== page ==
Meatballs

Summer is not the ideal time to be turning on the oven for dinner, but I’ve made some meatballs lately and really like the way they turn out when they’re baked instead of pan-fried. Here are three ways I’ve made meatballs lately.

  1. (Pictured) 1 lb. Beef w/ 1 T. miso, 1 T. soy, 1 T. oyster sauce, 1 T. garlic, 3 green onions (scallions), 1/2 c. bread crumbs.
  2. 1 lb. Beef w/ 1/2 c. bread crumbs, 1/4 c. parmasean, basil, oregano, thyme – total dried herbs of 1 t.
  3. 1 lb. Lamb and 1/2 lb. cooked bacon w/ 1/4 t. garlic powder, 1/4 t. onion powder, and 1 t. oregano, and two hot dog rolls – broken up

In a bowl large enough to hold the meat and the other ingredients, mix together everything except the meat. Break the meat into bite-sized pieces as you drop it into the bowl. I think this method helps get the flavors mixed into the meat, but doesn’t require lots of mixing, so it keeps the meat tender.

Form the meat mixture into balls and attempt to keep them sized the same.  If you want a bit of crunch, roll them in breadcrumbs as you form them.  Bake at 350 degrees for 15-20 minutes, if you have about 16 balls. Fewer balls mean that they’re larger and will need more time.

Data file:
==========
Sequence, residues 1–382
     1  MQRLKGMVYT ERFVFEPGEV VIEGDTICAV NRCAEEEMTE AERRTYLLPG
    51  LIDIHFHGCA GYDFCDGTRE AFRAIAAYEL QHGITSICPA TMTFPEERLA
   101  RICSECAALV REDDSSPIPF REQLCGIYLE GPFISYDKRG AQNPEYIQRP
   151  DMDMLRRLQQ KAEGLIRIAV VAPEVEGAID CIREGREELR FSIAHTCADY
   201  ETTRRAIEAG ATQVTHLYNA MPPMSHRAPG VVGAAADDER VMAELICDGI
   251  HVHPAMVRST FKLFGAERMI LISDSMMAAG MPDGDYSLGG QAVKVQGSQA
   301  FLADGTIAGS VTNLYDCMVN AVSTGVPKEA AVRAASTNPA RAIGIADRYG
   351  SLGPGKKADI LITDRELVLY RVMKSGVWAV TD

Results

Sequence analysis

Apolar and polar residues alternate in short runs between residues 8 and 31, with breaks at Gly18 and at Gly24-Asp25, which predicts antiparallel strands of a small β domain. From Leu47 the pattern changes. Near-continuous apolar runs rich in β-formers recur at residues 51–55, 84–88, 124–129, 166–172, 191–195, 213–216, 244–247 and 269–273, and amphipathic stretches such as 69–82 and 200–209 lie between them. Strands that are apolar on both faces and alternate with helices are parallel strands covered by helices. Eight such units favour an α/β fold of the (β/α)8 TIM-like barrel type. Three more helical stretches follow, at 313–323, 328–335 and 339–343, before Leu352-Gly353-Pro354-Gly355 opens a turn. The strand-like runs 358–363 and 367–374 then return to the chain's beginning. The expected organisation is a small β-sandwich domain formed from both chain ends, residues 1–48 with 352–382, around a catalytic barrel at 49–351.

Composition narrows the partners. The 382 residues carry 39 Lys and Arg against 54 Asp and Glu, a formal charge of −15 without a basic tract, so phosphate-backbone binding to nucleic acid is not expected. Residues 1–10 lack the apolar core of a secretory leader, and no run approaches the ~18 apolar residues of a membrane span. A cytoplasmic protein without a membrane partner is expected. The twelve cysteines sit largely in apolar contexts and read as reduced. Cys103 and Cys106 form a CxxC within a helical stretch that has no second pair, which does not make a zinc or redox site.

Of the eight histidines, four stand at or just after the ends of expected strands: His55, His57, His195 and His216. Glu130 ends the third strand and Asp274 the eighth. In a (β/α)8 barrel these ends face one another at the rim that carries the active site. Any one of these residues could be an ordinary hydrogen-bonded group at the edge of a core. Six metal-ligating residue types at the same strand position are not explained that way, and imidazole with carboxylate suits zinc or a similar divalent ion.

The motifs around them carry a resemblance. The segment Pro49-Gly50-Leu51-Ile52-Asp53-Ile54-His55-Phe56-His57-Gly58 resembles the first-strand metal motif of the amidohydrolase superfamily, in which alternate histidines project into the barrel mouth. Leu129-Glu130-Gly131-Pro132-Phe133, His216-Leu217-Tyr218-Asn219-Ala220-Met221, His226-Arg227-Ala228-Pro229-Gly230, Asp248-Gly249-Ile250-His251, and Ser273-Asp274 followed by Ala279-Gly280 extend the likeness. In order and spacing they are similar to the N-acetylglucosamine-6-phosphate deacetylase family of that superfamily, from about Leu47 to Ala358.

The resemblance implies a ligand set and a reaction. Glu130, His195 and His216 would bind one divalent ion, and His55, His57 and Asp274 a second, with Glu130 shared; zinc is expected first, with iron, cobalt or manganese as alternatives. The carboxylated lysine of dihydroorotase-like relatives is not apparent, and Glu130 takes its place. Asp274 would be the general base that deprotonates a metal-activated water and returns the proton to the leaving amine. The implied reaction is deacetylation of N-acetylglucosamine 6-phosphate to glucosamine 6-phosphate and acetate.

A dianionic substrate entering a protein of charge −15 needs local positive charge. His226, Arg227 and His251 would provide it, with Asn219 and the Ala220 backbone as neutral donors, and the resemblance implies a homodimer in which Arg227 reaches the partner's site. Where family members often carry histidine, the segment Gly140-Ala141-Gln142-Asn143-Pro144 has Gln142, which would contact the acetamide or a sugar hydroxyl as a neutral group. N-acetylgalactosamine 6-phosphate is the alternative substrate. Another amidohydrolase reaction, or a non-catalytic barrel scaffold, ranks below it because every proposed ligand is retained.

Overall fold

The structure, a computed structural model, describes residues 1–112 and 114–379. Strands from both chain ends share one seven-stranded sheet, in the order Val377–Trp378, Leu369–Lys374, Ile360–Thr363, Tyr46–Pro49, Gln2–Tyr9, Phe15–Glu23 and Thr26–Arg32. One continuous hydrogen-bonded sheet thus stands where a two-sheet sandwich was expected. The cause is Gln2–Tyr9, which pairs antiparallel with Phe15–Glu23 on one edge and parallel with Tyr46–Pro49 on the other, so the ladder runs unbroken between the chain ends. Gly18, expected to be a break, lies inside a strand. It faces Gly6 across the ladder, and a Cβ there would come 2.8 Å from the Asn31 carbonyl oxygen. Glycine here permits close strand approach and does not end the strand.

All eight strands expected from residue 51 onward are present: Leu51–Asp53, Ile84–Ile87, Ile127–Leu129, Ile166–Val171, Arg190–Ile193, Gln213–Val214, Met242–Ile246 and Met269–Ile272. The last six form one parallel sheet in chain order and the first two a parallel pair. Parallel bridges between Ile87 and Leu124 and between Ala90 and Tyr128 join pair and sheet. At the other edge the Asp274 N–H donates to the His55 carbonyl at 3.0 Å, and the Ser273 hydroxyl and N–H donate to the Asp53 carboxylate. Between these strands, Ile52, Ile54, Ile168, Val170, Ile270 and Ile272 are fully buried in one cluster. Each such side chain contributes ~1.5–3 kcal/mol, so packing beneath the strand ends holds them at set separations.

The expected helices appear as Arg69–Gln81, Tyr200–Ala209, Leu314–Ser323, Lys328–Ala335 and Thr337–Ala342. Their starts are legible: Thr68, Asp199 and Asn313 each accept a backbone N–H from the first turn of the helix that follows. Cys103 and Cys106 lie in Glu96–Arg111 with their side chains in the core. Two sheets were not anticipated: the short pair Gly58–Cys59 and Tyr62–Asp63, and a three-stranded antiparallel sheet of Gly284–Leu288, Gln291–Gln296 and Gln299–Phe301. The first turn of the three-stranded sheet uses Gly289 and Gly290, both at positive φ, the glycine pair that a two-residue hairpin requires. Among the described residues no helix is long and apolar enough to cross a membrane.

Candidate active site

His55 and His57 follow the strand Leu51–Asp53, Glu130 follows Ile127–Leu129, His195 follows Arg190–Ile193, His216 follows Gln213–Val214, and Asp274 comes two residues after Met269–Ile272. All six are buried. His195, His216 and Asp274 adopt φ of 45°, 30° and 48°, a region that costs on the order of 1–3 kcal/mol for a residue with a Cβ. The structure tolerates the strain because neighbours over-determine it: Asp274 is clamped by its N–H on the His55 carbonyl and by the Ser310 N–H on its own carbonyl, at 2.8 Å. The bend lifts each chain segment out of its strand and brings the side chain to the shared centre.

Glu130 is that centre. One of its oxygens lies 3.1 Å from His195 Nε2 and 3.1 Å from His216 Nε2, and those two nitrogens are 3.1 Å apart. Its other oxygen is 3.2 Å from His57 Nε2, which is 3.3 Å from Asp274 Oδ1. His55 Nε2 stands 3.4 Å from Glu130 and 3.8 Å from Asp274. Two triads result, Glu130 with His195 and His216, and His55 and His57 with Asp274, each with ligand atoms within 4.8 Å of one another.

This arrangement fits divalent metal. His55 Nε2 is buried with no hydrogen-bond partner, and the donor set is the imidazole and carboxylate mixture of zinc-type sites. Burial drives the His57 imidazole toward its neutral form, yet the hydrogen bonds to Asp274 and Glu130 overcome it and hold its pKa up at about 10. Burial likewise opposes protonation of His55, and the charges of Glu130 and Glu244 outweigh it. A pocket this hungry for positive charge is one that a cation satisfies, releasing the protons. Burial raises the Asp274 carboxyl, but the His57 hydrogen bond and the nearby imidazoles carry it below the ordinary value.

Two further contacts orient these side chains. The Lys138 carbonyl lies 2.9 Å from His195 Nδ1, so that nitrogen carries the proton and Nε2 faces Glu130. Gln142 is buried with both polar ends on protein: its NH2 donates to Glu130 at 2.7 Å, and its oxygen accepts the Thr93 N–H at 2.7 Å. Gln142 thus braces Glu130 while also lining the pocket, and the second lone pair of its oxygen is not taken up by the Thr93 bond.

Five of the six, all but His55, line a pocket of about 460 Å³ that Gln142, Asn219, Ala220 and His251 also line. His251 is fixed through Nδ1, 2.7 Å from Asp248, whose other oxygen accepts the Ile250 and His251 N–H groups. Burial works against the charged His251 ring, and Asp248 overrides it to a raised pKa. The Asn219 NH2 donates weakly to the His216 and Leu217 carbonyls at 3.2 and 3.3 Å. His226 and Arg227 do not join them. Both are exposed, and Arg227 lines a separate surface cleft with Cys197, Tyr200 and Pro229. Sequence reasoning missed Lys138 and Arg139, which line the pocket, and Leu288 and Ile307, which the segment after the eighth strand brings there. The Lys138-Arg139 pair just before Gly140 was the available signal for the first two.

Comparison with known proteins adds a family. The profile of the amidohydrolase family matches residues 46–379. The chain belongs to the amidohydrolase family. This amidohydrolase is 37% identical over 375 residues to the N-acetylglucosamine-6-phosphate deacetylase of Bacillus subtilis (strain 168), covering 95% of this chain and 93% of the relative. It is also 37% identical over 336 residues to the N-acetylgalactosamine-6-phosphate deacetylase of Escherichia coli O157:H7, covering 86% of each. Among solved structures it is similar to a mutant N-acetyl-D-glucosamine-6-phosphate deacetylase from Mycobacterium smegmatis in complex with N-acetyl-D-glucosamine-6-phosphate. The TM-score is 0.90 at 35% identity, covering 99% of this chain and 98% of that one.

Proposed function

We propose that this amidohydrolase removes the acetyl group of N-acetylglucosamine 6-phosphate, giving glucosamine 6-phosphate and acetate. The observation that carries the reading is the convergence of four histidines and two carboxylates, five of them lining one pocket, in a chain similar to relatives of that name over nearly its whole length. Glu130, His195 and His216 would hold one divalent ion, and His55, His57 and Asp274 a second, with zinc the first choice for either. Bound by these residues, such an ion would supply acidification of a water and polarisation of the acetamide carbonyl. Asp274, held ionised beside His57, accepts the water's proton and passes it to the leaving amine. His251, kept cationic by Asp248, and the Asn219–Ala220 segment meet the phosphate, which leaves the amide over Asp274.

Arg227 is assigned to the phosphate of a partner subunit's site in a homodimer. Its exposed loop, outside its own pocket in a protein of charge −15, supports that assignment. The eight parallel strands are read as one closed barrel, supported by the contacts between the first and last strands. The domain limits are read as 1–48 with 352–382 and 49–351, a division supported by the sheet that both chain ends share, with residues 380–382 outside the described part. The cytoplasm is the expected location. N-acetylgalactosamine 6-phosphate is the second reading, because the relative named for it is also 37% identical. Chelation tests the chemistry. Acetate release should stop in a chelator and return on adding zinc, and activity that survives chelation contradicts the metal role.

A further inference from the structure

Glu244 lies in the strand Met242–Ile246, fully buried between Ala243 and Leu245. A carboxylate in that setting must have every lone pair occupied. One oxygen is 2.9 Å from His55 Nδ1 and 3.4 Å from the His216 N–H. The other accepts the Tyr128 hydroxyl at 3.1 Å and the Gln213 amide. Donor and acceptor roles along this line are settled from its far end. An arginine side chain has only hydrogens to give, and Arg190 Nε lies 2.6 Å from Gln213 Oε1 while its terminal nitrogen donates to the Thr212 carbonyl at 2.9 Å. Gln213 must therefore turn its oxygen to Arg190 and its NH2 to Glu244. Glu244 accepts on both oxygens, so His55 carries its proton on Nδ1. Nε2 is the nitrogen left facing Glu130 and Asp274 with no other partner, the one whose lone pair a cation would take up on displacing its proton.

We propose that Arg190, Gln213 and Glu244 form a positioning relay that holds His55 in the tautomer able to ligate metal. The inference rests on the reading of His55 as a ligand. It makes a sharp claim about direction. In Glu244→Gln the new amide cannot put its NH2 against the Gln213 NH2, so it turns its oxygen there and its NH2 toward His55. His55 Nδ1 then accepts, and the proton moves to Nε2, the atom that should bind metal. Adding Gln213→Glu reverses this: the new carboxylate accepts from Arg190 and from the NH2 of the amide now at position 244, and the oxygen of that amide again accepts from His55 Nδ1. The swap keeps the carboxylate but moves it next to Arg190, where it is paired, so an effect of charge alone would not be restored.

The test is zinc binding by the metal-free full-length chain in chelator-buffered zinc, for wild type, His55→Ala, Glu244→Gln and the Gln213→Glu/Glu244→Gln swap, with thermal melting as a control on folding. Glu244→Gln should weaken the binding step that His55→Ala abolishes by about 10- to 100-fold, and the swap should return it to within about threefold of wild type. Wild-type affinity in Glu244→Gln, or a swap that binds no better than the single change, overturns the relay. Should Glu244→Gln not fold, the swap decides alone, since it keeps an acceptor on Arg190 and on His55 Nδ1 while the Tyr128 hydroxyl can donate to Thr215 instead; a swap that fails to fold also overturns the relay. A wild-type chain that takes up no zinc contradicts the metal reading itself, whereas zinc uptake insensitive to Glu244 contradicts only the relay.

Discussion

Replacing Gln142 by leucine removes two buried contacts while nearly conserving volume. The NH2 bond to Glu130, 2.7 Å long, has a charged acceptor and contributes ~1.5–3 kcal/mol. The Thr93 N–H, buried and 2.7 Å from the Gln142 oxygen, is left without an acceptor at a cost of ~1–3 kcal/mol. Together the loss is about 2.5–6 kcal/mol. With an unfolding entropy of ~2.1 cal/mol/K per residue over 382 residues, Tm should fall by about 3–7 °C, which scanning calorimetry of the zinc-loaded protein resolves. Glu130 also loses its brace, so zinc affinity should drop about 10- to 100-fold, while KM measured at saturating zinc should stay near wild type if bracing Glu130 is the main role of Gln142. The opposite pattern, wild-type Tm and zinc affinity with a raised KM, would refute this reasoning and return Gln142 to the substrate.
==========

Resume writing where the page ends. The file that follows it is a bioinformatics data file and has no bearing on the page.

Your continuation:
3 Comments to “Meatballs”

  1. Sharyn says:

    What kind of pan are these balls on?
    Type? size? manufacturer?

  2. Mom says:

    I made these meatballs not realizing they were Asian in flavoring. the next day I mentioned to a friend that I made meatballs, She strongly suggested I add some sauce to them which I did, then I told Mychele, and she let me know they were Asian. sooooo later I called them multi-ethnic meatballs as I used pasta sauce on them. Then I served them at a small church womens gathering.

    I used a SMALL pampered Chef cookie scoop to mold them — forming about 30 balls, then I got tired of scooping so switched to an ice cream scoop to form the rest of the meat mixture into balls (about 6) of course it toook a lot longer to bake the large balls.

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